• Don’t presume you know what your product-market fit is—get there and start adjusting
    • You don’t need people with on-the-job experience; you need fast learners and team players

Every Entrepreneur Needs an Investment Thesis

  • “Part of the thing you should have—and this gives you a sense of whether or not you should double-down, stay on target, or pivot, etc.—is a clear set of articulated beliefs about the way the world is becoming, the role of your product or service in that world, and what you’re going to do to enable that role successfully.”Reid Hoffman
    • LinkedIn’s investment thesis, for instance: every professional should have a public identity that identifies which business they’re willing to engage in (and the whole world is better off when this occurs)
    • To hone in on your investment thesis, ask yourself: “What would make everything in the world better—better for people, companies, and industries?”
  • Then, as fast as you can, find out if one part of your investment thesis isn’t working (and adjust as needed)

The ‘ABZ Planning Framework’ for Startups

  • (This is a concept from Reid’s book – The Start-up of You)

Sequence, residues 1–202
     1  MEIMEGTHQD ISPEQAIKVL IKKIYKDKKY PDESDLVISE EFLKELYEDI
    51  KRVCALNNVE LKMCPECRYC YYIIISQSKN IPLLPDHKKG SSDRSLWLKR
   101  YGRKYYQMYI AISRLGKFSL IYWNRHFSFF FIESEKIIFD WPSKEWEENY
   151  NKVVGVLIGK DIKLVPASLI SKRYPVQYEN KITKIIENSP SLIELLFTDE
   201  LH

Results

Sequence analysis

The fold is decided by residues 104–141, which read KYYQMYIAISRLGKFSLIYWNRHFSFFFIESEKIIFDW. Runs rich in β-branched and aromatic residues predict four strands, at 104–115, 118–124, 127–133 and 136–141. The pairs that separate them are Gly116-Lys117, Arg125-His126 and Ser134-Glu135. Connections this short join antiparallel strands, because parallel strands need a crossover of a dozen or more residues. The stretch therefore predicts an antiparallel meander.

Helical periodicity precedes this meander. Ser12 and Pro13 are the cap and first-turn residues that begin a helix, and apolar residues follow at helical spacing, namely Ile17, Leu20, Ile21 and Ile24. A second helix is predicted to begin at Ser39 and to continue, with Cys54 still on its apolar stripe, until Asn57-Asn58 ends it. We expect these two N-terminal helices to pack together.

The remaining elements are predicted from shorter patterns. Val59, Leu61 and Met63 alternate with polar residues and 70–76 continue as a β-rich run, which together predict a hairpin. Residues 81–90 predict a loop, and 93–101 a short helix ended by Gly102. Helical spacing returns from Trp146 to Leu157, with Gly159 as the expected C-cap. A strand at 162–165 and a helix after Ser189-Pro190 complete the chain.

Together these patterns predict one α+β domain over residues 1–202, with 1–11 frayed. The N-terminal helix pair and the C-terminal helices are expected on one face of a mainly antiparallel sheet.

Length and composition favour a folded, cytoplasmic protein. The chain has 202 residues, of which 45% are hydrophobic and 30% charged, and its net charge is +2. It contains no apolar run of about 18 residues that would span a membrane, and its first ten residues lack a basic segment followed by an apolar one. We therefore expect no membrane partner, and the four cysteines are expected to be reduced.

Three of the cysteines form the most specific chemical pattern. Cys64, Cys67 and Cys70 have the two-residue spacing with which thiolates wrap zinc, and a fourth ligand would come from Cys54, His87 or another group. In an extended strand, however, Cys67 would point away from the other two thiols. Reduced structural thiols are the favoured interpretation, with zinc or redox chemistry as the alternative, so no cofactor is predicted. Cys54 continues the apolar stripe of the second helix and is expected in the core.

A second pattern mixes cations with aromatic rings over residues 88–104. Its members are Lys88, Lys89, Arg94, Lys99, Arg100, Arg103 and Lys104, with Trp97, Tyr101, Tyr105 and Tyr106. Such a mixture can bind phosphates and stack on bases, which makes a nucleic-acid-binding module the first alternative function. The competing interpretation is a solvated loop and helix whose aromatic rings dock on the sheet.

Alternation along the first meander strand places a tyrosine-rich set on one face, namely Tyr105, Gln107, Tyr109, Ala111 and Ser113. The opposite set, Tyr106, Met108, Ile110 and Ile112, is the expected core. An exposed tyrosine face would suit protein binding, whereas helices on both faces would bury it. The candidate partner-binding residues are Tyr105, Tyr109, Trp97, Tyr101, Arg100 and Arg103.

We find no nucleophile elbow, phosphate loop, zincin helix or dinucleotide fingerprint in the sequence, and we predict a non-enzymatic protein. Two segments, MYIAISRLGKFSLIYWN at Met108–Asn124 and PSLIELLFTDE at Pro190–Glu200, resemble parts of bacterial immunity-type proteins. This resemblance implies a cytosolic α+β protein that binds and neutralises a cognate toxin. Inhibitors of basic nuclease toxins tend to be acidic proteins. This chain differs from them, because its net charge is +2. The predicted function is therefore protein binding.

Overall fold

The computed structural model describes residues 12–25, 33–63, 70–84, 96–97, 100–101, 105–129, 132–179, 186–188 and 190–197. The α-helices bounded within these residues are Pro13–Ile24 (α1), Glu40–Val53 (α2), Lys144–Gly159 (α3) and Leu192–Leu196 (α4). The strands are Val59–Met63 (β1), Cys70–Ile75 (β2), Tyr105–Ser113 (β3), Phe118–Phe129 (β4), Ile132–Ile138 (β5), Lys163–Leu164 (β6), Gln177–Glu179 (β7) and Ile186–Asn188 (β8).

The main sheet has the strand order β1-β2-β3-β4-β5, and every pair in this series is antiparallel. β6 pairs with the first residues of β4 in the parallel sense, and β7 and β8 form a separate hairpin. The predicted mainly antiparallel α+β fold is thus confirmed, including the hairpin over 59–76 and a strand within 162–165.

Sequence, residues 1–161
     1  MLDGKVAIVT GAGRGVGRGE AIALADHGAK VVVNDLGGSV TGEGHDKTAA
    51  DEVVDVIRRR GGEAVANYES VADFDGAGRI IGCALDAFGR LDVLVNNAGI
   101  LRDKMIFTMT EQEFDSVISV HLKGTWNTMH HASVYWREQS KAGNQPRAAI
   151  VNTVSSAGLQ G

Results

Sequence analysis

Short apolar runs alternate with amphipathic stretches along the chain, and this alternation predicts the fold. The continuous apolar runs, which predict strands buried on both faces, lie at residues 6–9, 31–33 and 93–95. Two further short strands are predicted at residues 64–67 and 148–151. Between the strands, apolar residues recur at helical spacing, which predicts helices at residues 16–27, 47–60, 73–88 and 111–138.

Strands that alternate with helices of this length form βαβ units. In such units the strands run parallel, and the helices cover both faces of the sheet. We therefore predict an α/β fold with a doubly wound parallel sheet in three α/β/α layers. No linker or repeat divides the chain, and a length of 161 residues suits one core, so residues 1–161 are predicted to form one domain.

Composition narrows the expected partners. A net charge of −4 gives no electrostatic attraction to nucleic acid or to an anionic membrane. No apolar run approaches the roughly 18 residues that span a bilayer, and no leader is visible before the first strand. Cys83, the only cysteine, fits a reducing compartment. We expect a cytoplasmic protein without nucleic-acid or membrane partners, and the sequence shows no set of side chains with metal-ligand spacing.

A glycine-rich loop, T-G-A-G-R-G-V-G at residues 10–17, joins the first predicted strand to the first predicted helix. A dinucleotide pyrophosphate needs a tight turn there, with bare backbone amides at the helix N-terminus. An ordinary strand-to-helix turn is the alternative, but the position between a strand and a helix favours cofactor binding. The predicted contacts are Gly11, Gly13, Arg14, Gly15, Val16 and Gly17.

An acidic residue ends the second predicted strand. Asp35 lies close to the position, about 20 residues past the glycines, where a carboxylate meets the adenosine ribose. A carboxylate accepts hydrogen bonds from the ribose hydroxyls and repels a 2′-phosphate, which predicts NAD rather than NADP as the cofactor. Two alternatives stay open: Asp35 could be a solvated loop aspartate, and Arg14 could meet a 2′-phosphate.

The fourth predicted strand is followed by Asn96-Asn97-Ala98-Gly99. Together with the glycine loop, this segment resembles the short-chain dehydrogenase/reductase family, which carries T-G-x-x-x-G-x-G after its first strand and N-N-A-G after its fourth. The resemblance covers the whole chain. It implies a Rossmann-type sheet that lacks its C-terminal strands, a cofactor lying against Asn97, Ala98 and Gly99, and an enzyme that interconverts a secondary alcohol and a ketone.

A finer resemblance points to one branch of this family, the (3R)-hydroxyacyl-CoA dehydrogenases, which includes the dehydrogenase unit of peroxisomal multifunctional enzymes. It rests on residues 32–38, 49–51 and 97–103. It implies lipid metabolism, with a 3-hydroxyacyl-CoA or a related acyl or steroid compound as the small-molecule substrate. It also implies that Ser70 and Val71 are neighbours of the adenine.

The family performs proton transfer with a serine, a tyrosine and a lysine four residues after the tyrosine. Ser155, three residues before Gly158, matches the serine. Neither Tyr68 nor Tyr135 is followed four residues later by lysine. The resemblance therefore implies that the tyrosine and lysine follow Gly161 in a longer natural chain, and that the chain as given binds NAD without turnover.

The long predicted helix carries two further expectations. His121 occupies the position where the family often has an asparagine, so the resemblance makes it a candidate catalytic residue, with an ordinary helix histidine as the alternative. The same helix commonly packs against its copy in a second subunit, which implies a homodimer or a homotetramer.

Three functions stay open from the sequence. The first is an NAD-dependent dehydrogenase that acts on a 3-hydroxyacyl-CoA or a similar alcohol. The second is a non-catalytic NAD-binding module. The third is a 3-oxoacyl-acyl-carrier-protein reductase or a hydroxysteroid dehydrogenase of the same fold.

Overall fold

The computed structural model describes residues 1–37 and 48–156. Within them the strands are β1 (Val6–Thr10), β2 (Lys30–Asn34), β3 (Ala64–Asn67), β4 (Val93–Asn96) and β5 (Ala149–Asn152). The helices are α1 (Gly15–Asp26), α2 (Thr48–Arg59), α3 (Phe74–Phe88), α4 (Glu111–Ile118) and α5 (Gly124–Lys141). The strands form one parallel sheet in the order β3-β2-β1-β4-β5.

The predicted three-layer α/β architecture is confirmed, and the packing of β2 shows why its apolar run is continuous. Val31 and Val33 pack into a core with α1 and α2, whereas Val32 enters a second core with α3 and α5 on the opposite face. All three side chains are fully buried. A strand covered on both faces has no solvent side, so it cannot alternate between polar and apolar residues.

• Have a Plan A
  • Have “Plans B”: These are slightly different paths/plans than Plan A (AKA The micro-pivots made when adjusting your investment thesis)
  • Have a Plan Z: This is something totally different than Plan A

Distribution, Distribution, Distribution (Then Product)

  • With SocialNet, Reid did the opposite—he focused on building a great product, and paid for marketing, advertising, partnerships, etc. to grow the company
  • “The rule for consumer internet—and the general rule for most businesses—is: while the entrepreneurial instinct is to build the product and then figure out distribution, you should figure out product and distribution together”Reid Hoffman
    • Great distribution & mediocre product > great product & mediocre distribution
      • Why? With great distribution, you can fix the product after receiving user feedback. If no one’s using your product, it doesn’t matter!
    • In fact: Find a distribution advantage, then find a product you can deliver with it (not the other way around)

How to Hone Your Distribution

  • Build a distribution mechanism on an already established platform: